A Zaporozhian Cossack, 17th–/18th-century traditional clothing.
Zaporozhian Cossacks lived on the
Pontic-Caspian steppe below the
Dnieper Rapids (Ukrainian: za porohamy), also known as the Wild
Fields. They became a well-known group whose numbers increased greatly
between the 15th and 17th centuries.
Cossacks were usually organized
by Ruthenian boyars or princes of the nobility, especially various
Lithuanian starostas. Merchants, peasants and runaways from the
Poland-Lithuania Commonwealth, Moscow state and modern Moldova and
Romania also joined the Cossacks. The first recorded Zaporizhian Host
prototype was formed when a cousin of Ivan the Terrible, Dmytro
Vyshnevetsky, built a fortress on the island of Little
the banks of the Lower
Dnieper in 1552. The
Zaporozhian Host adopted a
lifestyle that combined the ancient Cossack order and habits with
those of the Knights Hospitaller.
Zaporozhian Cossacks played an important role in European
geopolitics, participating in a series of conflicts and alliances with
the Polish-Lithuanian Commonwealth, Russia, and the Ottoman Empire. As
a result of the
Khmelnytsky Uprising in the middle of the 17th
Zaporozhian Cossacks briefly established an independent
state, which later became the autonomous Cossack Hetmanate
(1649–1764). It was a suzerainty under protection of the Russian
Tsar from 1667 but ruled by the local Hetmans for a century.
Zaporozhian Sich had its own authorities, its own "Nizovy"
Zaporozhsky Host, and its own land. In the latter half of the 18th
century, Russian authorities destroyed this
Zaporozhian Host and gave
its lands to landlords. Some
Cossacks moved to the
region, where they formed the
Danubian Sich under Ottoman rule. To
prevent further defection of Cossacks, the Russian government restored
the special Cossack status of the majority of Zaporozhian Cossacks.
This allowed them to unite in the Host of Loyal Zaporozhians and later
to reorganize into other hosts, of which the
Black Sea host was most
important. They eventually moved to the
Kuban region, due to the
Zaporozhian Sich lands among landlords and the
resulting scarcity of land.
Victorious Zaporozhian Cossack with the head of a Tatar, 1786 print
The majority of
Cossacks had moved first to the Azov
region in 1828, and later joined other former
Zaporozhian Cossacks in
Kuban region. Groups were generally identified by faith rather
than language in that period, and most descendants of
Zaporozhian Cossacks in the
Kuban region are bilingual, speaking both
Russian and the local
Kuban dialect of central Ukrainian. Their
folklore is largely Ukrainian.[nb 8] The predominant view of
ethnologists and historians is considered to be found in the common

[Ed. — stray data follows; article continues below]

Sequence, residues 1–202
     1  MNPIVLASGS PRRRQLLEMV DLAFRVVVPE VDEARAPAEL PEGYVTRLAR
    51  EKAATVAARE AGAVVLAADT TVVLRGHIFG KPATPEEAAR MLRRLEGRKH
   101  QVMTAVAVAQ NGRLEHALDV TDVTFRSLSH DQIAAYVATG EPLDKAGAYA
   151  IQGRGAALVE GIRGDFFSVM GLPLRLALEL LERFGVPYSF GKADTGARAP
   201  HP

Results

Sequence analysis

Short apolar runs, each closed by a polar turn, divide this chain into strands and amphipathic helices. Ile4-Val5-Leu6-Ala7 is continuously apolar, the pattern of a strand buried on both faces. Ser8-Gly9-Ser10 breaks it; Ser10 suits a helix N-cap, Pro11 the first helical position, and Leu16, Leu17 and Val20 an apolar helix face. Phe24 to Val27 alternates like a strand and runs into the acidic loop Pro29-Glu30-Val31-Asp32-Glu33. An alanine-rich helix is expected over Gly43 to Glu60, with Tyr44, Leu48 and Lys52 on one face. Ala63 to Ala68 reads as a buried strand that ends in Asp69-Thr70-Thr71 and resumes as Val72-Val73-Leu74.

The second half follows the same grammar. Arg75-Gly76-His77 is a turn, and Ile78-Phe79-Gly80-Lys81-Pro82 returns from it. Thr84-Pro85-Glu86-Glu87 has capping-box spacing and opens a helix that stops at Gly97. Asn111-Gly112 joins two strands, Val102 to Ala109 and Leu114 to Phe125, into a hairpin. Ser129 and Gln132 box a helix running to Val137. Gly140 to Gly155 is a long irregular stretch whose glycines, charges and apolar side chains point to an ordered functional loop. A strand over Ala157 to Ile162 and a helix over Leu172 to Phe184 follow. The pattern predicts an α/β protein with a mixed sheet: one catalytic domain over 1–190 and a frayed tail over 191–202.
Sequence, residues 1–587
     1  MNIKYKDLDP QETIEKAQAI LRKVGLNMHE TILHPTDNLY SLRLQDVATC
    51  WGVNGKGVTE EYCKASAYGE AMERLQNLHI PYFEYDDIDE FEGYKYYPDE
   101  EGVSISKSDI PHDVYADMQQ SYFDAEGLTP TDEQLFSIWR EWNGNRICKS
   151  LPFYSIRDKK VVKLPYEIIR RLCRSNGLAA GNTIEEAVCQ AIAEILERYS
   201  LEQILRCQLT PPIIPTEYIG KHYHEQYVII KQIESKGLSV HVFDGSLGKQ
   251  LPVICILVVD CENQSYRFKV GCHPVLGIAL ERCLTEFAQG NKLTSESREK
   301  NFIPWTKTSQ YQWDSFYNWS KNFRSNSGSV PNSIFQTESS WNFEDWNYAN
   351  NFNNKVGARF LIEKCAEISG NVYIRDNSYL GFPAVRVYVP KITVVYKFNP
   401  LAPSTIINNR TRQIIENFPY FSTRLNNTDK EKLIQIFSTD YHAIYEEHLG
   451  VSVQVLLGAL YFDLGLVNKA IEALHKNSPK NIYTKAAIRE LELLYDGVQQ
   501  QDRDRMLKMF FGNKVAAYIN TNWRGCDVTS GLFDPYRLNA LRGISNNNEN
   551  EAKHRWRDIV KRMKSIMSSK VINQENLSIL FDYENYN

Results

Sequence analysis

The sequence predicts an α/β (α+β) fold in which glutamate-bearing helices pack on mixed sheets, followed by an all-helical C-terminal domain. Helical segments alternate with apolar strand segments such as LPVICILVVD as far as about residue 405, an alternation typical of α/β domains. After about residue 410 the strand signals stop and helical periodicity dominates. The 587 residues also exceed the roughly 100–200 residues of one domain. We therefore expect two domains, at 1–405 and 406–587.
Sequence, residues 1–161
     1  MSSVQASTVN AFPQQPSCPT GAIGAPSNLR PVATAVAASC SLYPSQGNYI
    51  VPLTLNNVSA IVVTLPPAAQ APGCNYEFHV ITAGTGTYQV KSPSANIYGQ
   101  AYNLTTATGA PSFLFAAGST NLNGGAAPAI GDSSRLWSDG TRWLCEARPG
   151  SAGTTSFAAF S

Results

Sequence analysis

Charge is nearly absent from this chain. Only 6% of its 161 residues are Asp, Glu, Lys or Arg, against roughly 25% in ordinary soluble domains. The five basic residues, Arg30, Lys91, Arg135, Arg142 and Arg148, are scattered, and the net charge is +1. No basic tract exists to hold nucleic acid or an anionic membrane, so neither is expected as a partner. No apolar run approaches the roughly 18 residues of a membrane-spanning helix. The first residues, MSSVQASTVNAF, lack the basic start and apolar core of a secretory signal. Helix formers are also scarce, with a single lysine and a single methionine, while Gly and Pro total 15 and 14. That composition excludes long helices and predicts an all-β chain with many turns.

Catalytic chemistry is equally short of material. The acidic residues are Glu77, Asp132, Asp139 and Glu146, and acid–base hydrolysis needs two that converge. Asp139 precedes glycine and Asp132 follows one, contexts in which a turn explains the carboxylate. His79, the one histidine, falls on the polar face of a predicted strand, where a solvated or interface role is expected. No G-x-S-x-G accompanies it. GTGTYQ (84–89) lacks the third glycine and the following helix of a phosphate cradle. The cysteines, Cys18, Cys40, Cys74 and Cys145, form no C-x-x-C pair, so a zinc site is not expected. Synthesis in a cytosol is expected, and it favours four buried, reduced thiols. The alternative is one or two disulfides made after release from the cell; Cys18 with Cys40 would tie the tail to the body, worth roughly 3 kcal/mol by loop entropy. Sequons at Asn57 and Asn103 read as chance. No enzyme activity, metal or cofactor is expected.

culture dating back to the
Black Sea Cossacks.
The Zaporozhians gained a reputation for their raids against the
Ottoman Empire and its vassals, although they sometimes plundered
other neighbors as well. Their actions increased tension along the
southern border of the Polish-Lithuanian Commonwealth. Low-level
warfare took place in those territories for most of the period of the
In 1539, the Ottoman
Suleiman the Magnificent
Suleiman the Magnificent asked Grand Duke
Vasili III of Russia
Vasili III of Russia to restrain the Cossacks; the Duke replied: "The
Cossacks do not swear allegiance to me, and they live as they
themselves please." In 1549
Tsar Ivan the Terrible
replied to Suleiman's request that he stop the attacks by the Don
Cossacks, saying, "The
Cossacks of the Don are not my subjects, and
they go to war or live in peace without my knowledge."[citation
needed] The major powers tried to exploit Cossack warmongering for
their own purposes. In the 16th century, with the power of the
Polish-Lithuanian Commonwealth extending south, the Zaporozhian
Cossacks were mostly, if tentatively, regarded by the Commonwealth as
Registered Cossacks formed a part of the
Commonwealth army until 1699.
Bohdan Khmelnytsky's entry to Kiev by Mykola Ivasiuk, end of
the 19th century
Around the end of the 16th century, relations between the Commonwealth
Ottoman Empire were strained by increasing Cossack aggression.
From the second part of the 16th century,
Cossacks started raiding
Ottoman territories. The Polish government could not control the
Cossacks, but was held responsible as the men were nominally their
subjects. In retaliation,
Tatars living under Ottoman rule launched
raids into the Commonwealth, mostly in the southeast territories. In
retaliation, Cossack pirates started raiding wealthy trading
port-cities in the heart of the Ottoman Empire, as these were just two
days away by boat from the mouth of the
Dnieper River. By 1615 and
Cossacks had razed suburbs of Constantinople, forcing the
Sultan to flee his palace.
Consecutive treaties between the